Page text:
Details from some of the famous identity-theft victims whose personal information was mysteriously published online were fraudulently obtained from a government-mandated website designed to make it easy for consumers to access their credit reports, credit agency officials said.

At least four of the high-profile celebrities and political figures—who include Vice President Joe Biden, FBI Director Robert Mueller, Attorney General Eric Holder, and rap star Jay Z—were "accessed inappropriately" from annualcreditreport.com, a spokesman for credit agency Equifax told Ars. The site allows consumers to obtain a free copy of their credit reports by entering their birth dates, Social Security numbers, and home addresses and then answering several multiple-choice questions involving previous addresses, mortgages or loans taken out, and similar types of information. Once someone provides the correct answers, he gets access to a report providing a wealth of additional personal information, including loan and mortgage details, phone numbers, and previous addresses.

"What it appears happened is that personal identifiable information was evidently accessed or somehow obtained by the fraudsters who therefore were able to go into annualcreditreport.com and get some pieces of information on some individuals," Equifax spokesman Tim Klein said in an interview. "It's four individuals that we can confirm that were accessed inappropriately by fraudsters by going through annualcreditreport.com and procuring some information off their Equifax credit report."

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At Shmoocon 2013 Jake Williams (@MalwareJake) and I gave a presentation entitled Wipe the Drive. The point of the presentation was that you should always wipe the drive and reinstall the OS after a confirmed malware infection. We all know wiping the drive is the safest move but there are business pressures to simply remove the known malware and move on. Also, because we are security professionals there is often an expectation that we are able to remove all the malware. But, in my and Jakes opinion, relying on a clean scan from antivirus products isnt the best approach. The time and effort required to accurately analyze the capabilities of malware and conduct forensic analysis to determine if those capabilities were used is usually not in the cards. There is always an element of risk management, but whenever you possibly can, just wipe the drive. To illustrate the point we began developing a list of ways that malware or an active attacker on your computer can make small configuration changes to you machine. The changes create a mis-configuration that makes the target exploitable or set events in motion that will cause the target to automatically get re-compromised in the future. There are a very large number of changes and misconfigurations that attackers can make but our talk focused around eight of them. The only criteria for these techniques is that they launch a process in an unusual way and ideally they dont have any processes running (so you can avoid detection by memory forensics). I will discuss a few of the methods we came up with and how you might detect these changes. First lets talk about file extension hijacking.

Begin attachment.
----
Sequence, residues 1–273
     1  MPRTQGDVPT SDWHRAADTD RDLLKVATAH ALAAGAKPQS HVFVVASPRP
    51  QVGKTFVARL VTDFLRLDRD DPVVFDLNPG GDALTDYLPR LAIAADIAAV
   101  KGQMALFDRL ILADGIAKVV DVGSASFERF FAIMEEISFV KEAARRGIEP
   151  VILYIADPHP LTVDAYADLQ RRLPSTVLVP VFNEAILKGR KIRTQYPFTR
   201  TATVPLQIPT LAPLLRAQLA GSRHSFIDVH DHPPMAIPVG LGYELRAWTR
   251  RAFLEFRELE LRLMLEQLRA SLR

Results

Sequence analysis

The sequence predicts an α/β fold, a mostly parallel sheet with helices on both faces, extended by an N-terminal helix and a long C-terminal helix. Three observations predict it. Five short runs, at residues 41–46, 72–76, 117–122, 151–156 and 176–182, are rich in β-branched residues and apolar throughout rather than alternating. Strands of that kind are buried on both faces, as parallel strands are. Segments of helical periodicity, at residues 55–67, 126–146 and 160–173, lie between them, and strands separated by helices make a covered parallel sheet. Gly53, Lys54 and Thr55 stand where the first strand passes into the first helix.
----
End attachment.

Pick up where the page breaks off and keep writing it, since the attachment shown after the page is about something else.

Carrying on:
TECHNIQUE #1 - File Associations Hijacking

What happens when you click on a .TXT file? The operating system checks the HKEY_CLASSES_ROOT hive for the associated extension to see what program it should launch. Here we see the associate for .TXT files mapped to txtfile.



Further down in the HKEY_CLASSES_ROOT hive we find the entry for txtfile where the applications that are used to open and print are defined. Here you can see that NOTEPAD.EXE is the application that will launch when the OS tries to OPEN a txt file.





What if the attacker or his malware changes this association? Instead of launching notepad it tells the OS to launch NOTPAD.EXE. NOTPAD.EXE is wrapper around the real NOTEPAD.EXE but it also contains a malicious payload. During the initial infection the attacker makes this change and leaves his NOTPAD.EXE behind. You remove the initial attack vector and do memory forensics to find nothing running on the host. Sometime later, after memory of the incident fades the administrator checks his logs by clicking on a .TXT file. It launches NOTPAD.EXE which in turn launches NOTEPAD.EXE and reinfects the machine.

In an alternate version of this attack a new file extension is created such as .WTD. When the attacker is ready to reinfect you they send in email with a .WTD extension. When it is opened on the victims machine they are reinfected.

I am sure some of you will say, but NOTPAD.EXE will be detected by AV. Perhaps, but remember the point of these is to evade memory forensics. For the most part, evading antivirus software is trivial.

Detection:

How do you detect this? Well, baseline the contents of your HKEY_CLASSES_ROOT registry key and then periodically check its current state against that baseline. Investigate any changes to see what executes when you click on the file extensions that have changed. We all know it is dangerous to click links on the internet. Unfortunately links on your computer arent any safer once an attacker has had a chance to change where they go.



TECHNIQUE #2 BITS BACKDOOR